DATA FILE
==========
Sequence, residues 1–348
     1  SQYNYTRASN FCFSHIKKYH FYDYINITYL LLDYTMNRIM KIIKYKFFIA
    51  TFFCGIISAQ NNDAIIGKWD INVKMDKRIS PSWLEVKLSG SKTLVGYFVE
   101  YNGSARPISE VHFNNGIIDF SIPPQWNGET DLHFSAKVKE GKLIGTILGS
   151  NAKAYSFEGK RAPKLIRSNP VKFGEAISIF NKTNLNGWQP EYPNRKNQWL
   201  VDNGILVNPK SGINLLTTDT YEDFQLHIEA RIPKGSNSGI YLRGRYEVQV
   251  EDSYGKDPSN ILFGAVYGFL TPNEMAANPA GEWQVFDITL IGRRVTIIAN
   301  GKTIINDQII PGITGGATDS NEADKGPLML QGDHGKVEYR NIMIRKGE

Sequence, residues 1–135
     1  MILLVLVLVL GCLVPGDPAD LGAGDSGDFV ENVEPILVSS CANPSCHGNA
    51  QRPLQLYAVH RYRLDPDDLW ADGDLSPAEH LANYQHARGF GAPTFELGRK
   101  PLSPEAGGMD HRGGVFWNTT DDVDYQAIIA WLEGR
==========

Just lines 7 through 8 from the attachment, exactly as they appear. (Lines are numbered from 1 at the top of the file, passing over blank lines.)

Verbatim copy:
   251  EDSYGKDPSN ILFGAVYGFL TPNEMAANPA GEWQVFDITL IGRRVTIIAN
   301  GKTIINDQII PGITGGATDS NEADKGPLML QGDHGKVEYR NIMIRKGE